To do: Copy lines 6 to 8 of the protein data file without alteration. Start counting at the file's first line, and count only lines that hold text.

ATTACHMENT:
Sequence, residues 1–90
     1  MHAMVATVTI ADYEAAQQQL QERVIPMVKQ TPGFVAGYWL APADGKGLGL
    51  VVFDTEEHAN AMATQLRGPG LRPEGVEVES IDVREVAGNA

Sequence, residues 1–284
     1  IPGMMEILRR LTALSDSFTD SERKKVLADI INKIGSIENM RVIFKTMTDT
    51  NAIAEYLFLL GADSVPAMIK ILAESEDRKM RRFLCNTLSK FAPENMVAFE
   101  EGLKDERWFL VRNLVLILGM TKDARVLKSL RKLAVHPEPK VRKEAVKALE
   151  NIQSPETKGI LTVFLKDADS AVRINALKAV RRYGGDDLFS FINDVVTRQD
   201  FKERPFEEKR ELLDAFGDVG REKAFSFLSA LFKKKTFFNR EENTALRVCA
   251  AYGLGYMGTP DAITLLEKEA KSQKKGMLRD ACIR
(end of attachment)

    51  NAIAEYLFLL GADSVPAMIK ILAESEDRKM RRFLCNTLSK FAPENMVAFE
   101  EGLKDERWFL VRNLVLILGM TKDARVLKSL RKLAVHPEPK VRKEAVKALE
   151  NIQSPETKGI LTVFLKDADS AVRINALKAV RRYGGDDLFS FINDVVTRQD